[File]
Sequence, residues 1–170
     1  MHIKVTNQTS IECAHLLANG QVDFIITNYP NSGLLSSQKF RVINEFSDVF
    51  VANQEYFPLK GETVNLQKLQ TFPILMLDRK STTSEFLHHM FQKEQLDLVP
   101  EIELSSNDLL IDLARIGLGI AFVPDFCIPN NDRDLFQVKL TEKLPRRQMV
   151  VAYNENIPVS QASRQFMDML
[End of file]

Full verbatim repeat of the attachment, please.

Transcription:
Sequence, residues 1–170
     1  MHIKVTNQTS IECAHLLANG QVDFIITNYP NSGLLSSQKF RVINEFSDVF
    51  VANQEYFPLK GETVNLQKLQ TFPILMLDRK STTSEFLHHM FQKEQLDLVP
   101  EIELSSNDLL IDLARIGLGI AFVPDFCIPN NDRDLFQVKL TEKLPRRQMV
   151  VAYNENIPVS QASRQFMDML